‘So long and thanks for all the fish’ (Douglas Adams)
I studied the law of international and European institutions at University. It was 1973 and the UK had just joined the European Community (as it then was). I was a committed European and, after I graduated, I hot-footed it to Brussels for a six-month placement with the European Commission. It was the cross-Channel ferry in those days, no Eurostar and, thankfully, when I arrived, no Kinnocks.
Six months later I had begun to have reservations. This was partly as a result of sharing an office in the Berlaymont with Monsieur Ernest. Out of the office window I could see Belgian drivers valiantly trying to square the concept of a roundabout with the rule that they had to give priority to traffic coming from the right. M. Ernest was a surly separatist from Alsace-Lorraine who regularly threw his plate of choucroute at the wall of the staff canteen muttering ‘Ce n’est pas la vrai choucroute alsacienne.’ If the introduction of a roundabout caused mayhem, and the composition of choucroute was so controversial, perhaps the European project was not going to be all plain sailing.
Another factor was that my first task as a would-be Eurocrat was to translate ten pages of regulations on the construction of blast furnaces from German into English. I was the obvious choice for this. After all, I had studied German for ten weeks in the Sixth Form, the Bessemer process of steel-making (patented in 1856 and by now obsolete) had been part of my A level history syllabus and I could speak English like a native (because I was one). I still shudder to think what I may have been responsible for blast-furnace-wise because I didn’t know my Blasdüse from my Ellbogen.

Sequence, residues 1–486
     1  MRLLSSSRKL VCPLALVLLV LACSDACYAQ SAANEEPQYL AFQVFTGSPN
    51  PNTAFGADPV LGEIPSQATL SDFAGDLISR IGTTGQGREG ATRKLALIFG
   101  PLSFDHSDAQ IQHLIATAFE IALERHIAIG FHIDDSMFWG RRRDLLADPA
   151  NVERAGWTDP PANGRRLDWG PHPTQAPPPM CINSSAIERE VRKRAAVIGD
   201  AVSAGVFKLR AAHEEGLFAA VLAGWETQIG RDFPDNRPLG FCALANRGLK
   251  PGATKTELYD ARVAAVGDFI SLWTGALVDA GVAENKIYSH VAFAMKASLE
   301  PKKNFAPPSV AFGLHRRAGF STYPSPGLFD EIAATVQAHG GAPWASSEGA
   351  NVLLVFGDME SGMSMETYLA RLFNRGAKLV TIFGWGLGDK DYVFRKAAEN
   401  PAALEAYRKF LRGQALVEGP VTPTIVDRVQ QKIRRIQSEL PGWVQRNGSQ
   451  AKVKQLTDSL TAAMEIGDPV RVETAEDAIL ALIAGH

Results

I have other fond memories of things European, for example, chips with mayonnaise, and being stuck for 36 hours in Reykjavik airport in early 1992 with a German MEP whose aim was to travel around all the Member States without showing his passport brandishing a model of a border-crossing checkpoint. Iceland wasn’t even a member of the EU. If the MEP had tried to carry out his stunt in the UK he would probably have been taken away to a detention centre or sectioned under the Mental Health Act but then the Brits and the Germans have always seen things differently.
And now we’re leaving the European family. No more blaming the other children for the shape of our bananas. In future, we’re going to have to behave like grown-ups. ‘Stand up straight Boris and take your hands out of your pockets when I’m talking to you’.
These are interesting times for a lawyer, particularly a tax lawyer. Lord Denning was probably the first to foresee how all-pervading the effects of EU law on the UK’s legal system would be. In HP Bulmer Ltd v J Bollinger AS (No 2)  EWCA Civ 14 he famously said:
‘… when we come to matters with a European element, the Treaty is like an incoming tide. It flows into the estuaries and up the rivers. It cannot be held back…’
The Treaty being referred to was the ‘treaty relating to the accession of the United Kingdom to the European Economic Community and to the European Atomic Energy Community’, signed on 22 January 1972. The UK is a ‘dualist’ state. In dualist states a treaty is not part of domestic law until it is incorporated into that law by domestic legislation. The European Communities Act 1972 gives effect in UK national law to the UK’s obligations and duties under the EU Treaties. The European Communities Act 1972 will need to be repealed as part of the implementation of Brexit. Many EU rules will then cease to apply here, unless temporary provision is made to keep them in place until they have been reviewed. One interesting question is what will be the status in the UK of past and future decisions of the European Court after Brexit takes place?
Shoulders back, chin up and into the unknown we go. Perhaps a bit scary but exciting all the same.
Tax lawyer specialising in business tax, SDLT and VAT